John William Waterhouse’s painting ‘Hylas and the nymphs’ dating from 1896, was recently removed from the Manchester Art Gallery’s walls in order to “prompt conversations about how we display and interpret artworks in Manchester’s public collection” …
further in the press release about the event, I could read: ” … but some of his paintings leave people uncomfortable and he has been accused of being one step away from a pornographer.”
Similarly, a request for removal was filed to the Metropolitan Museum of Art in New York, about the image “Thérèse dreaming” by the Polish French painter Balthasar Klossowski de Rosa, also known as Balthus. The request was backed by a 8000 signatures petition.
Can one judge an artwork that has been made about a century ago, using ethical norms (of some of us) of current day?
These events leave me a bit bedazzled and wondering, are we not tipping the balance over here, losing a genuine and healthy view on sexuality, sensuality, erotica and that unstoppable power that has been given to us and that bring men an women together?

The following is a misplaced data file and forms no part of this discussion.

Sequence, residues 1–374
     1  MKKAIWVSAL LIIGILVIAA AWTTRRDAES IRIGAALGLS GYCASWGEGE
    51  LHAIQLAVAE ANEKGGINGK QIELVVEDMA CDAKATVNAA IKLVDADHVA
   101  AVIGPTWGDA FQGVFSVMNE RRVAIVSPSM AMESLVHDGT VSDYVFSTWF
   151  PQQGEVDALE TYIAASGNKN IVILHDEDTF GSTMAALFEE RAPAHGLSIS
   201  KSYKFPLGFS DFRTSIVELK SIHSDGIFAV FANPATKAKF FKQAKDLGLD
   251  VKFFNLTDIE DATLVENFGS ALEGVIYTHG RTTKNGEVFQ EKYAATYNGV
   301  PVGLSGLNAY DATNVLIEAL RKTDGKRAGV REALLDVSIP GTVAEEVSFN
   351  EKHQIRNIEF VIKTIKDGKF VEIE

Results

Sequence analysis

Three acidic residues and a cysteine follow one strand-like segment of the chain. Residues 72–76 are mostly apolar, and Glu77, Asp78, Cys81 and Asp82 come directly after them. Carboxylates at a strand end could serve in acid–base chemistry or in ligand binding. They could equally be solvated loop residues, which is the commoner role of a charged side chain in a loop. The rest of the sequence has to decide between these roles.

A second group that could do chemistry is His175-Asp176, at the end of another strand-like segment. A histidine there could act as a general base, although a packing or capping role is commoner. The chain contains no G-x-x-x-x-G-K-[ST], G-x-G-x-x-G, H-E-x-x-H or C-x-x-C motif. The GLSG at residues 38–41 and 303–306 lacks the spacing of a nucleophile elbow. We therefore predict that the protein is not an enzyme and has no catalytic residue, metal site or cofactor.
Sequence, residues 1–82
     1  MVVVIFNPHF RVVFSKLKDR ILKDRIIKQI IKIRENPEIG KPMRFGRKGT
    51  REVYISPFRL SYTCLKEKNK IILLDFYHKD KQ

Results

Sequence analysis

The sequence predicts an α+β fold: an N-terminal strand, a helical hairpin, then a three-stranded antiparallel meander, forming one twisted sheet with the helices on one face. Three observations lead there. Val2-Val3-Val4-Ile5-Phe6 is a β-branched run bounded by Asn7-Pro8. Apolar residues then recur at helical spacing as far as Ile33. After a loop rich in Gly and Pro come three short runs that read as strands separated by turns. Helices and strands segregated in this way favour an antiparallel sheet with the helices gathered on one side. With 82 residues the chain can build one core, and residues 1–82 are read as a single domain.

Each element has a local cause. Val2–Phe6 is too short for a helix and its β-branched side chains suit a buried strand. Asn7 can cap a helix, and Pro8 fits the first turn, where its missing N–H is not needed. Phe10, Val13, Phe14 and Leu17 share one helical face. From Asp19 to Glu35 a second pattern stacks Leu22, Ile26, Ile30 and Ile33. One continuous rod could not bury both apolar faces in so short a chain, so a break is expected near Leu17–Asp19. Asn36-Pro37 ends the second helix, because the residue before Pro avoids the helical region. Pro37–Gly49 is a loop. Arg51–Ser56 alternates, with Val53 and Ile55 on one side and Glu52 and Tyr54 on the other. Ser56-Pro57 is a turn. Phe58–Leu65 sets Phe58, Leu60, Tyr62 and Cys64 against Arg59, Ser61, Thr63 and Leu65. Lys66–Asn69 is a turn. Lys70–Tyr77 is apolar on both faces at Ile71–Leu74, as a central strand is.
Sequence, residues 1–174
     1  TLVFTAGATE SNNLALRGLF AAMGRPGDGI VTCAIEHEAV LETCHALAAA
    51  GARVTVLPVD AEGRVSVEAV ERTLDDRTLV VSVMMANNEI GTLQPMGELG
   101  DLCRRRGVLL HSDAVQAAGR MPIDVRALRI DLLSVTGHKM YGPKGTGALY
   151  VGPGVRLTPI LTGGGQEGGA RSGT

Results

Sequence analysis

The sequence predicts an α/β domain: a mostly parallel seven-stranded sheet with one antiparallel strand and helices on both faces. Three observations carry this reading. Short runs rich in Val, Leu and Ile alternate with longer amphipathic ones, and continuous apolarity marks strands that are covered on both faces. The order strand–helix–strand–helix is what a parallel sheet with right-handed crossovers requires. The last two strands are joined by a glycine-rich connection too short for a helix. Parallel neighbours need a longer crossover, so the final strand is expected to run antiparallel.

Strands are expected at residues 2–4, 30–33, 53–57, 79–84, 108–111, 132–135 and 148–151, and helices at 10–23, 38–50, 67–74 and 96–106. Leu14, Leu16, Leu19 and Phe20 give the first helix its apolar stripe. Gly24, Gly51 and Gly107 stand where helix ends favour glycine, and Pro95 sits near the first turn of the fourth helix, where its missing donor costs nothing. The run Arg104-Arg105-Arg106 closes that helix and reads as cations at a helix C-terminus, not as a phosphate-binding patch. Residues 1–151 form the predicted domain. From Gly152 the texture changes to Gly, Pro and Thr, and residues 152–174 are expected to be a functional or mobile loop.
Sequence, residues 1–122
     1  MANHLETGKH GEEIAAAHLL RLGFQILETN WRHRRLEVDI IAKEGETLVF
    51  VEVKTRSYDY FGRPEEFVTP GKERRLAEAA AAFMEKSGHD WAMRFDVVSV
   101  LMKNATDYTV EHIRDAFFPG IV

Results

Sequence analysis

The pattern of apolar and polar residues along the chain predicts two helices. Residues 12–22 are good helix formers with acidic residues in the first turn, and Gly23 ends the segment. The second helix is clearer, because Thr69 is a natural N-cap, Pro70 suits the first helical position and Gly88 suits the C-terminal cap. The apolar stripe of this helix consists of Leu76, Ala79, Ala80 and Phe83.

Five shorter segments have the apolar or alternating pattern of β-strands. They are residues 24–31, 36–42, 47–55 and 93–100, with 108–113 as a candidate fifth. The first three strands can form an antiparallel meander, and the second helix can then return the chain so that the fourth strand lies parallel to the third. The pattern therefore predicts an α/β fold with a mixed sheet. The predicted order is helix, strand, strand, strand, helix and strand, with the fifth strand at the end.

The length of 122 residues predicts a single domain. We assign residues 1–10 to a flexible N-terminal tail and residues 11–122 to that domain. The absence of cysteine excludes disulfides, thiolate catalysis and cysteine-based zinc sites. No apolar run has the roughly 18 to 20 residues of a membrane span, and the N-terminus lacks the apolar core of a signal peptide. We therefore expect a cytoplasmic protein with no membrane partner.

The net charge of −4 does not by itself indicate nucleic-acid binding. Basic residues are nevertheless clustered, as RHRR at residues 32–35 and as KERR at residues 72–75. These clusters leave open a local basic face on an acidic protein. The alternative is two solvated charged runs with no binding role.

As if we could exist without it?
Is it not the puritan regulations that have led to numerous sex-related scandals both in religious as in family context?
I am, as a photographer working with young women, very careful when it comes to being respectful to women, how I treat them during a shooting session, how I care about their photographs being exposed to a wider audience, and the possible reactions of relatives, friends or the wider context.
I am very supportive to the #metoo movement, as I have a couple of close (women)friends that have suffered inappropriate male behaviour, fighting the psychical consequences on a daily basis …
… but I think men and women should not fight each other, on the contrary … we can get a long way if we are mutually respectful and try to understand each other in our differences and similarities.
In this way I think sensuality, erotica and sexuality is not only an enrichment to our lives, but a (literally) bare necessity for humankind, and in the same understanding, their figurative counterparts a culturally acceptable art form.
“This love of beauty is taste.
Others have the same love in such excess, that,
not content with admiring,
they seek to embody it in new forms.
The creation of beauty is art.”
Ralph Waldo Emerson